New York Music Daily

No New Abnormal

Tag: indie classical

Sad and Anxious Choral Music for a Sad and Anxious Time

David Lang wrote his chorale Love Fail in 2012, long before the lockdown was anything other than a handful of World Economic Forum memos and hysterical flu-apocalypse memes bouncing around the web. But it’s an apt piece of music for this time in history. Loosely based on the story of Tristan and Isolde, Lang interpolates texts from sources as diverse as Lydia Davis, Marie de France, Gottfried von Strassburg, Béroul and Thomas of Britain into the narrative. All-female choir Quince Ensemble  sing this rather subtle theme and variations very matter-of-factly, in the style of a Renaissance motet, adding spare percussion in places. Their world premiere recording is streaming at Bandcamp.

The opening segment, He Was and She Was is easily identiable as Lang: short syllables, subtle and almost imperceptible variations and harmonies that in this case draw on both early music and this era’s minimalism.The ensemble follow with Durreth, an allusive, stoic but melancholy miniature

A Different Man has glockenspiel and a distinctly Spanish tinge to the melody  By contrast, The Wood and the Wire is much more upbeat and soaring, and evocative of British counterpoint from the 17th century and before.

Right and Wrong is a web of simple deconstructed chromatic riffs. You Will Love Me has tantalizingly evanescent close harmonies, while Forbidden Subjects provides welcome feminist context and reminds how agillely Lang works space into his music.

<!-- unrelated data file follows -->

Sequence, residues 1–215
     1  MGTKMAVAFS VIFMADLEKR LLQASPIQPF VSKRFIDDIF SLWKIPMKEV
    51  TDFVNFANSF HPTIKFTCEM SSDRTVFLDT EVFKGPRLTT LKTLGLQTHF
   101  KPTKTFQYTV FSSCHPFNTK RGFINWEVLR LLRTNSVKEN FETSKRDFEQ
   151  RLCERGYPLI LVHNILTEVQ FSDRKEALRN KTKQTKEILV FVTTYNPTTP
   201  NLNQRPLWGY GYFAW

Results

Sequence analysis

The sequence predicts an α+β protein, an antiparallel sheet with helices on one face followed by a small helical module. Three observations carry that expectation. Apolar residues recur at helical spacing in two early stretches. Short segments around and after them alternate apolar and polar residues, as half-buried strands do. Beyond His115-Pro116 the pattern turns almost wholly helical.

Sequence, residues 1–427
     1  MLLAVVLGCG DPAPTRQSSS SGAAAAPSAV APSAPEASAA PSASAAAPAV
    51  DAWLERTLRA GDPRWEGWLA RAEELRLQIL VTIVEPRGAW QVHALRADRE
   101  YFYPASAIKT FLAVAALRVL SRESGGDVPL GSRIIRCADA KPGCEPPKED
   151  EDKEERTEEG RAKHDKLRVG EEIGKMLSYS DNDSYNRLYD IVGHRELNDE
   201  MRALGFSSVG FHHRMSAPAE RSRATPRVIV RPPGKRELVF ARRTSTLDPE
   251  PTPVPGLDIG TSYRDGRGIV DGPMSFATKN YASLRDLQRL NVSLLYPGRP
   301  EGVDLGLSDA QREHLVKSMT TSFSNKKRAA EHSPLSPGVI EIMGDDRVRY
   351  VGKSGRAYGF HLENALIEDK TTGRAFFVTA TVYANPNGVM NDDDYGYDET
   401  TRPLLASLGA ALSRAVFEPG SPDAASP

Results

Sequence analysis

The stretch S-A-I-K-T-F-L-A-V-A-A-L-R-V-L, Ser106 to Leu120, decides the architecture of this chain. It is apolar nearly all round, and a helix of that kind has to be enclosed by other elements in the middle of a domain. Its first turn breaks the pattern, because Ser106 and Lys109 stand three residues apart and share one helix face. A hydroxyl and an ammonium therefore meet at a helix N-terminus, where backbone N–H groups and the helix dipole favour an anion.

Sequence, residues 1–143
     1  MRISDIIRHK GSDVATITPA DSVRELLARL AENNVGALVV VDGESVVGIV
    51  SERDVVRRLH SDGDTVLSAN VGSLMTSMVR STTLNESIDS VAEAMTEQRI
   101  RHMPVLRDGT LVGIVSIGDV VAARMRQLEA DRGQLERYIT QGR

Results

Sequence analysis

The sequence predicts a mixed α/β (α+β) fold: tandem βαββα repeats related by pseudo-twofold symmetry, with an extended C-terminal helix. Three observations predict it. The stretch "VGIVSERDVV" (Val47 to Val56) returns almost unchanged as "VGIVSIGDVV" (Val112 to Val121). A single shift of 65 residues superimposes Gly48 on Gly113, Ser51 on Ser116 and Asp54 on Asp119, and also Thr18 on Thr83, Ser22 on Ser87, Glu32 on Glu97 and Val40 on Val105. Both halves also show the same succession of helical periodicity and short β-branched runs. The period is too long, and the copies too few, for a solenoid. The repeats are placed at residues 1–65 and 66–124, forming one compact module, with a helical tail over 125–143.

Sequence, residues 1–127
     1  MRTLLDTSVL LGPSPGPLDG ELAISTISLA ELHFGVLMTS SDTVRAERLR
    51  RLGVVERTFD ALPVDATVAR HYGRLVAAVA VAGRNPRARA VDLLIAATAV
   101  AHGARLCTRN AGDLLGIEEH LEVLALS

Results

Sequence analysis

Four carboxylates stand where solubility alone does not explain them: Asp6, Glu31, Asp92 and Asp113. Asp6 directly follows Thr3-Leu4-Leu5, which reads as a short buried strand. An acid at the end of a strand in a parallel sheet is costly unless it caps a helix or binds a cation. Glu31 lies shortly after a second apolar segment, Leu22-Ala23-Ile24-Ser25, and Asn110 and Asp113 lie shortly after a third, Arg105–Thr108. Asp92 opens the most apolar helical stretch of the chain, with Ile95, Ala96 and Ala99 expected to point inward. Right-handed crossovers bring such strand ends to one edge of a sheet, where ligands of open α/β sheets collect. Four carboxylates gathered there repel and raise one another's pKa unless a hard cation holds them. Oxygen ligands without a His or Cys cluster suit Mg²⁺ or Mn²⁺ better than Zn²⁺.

The next variation, As Love Grows begins even more spacious but grows much more warily anthemic. Members of the group rise to the top of their voices in I Live in Pain – no wasted words there, huh? – over a rhythmic rondo of sorts.

The music grows much more sparse all of a sudden in Head, Heart and picks up only a little If I Have to Drown, a gruesome dilemma that Lang doesn’t foreshadow in the least until it arrives. There’s subtle irony in the otherworldly tones of the conclusion as well. Lang has been incredibly prolific lately and this is one of his more memorable work from the past decade.

Anna Heflin Blends Clever, Hilarious Spoken Word With Enigmatic New Music For Strings

Violist Anna Heflin calls her debut album The Redundancy of the Angelic “an interluding play.” Blending surrealistic, sometimes cut-and-pasted spoken word in between austere string themes, the record – which isn’t online yet – is alternately very serious and ridiculously amusing. Heflin is an acute observer and an imaginative composer; the push-pull of the album’s central dynamic ramps up the surreal factor. The album’s unifying and very best joke doesn’t reveal itself until the end, and it’s way too good to give away.